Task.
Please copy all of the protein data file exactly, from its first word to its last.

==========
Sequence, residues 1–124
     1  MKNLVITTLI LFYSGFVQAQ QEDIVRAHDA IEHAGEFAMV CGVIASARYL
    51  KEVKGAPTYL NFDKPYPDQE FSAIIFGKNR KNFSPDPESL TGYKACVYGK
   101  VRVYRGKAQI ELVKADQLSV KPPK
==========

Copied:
Sequence, residues 1–124
     1  MKNLVITTLI LFYSGFVQAQ QEDIVRAHDA IEHAGEFAMV CGVIASARYL
    51  KEVKGAPTYL NFDKPYPDQE FSAIIFGKNR KNFSPDPESL TGYKACVYGK
   101  VRVYRGKAQI ELVKADQLSV KPPK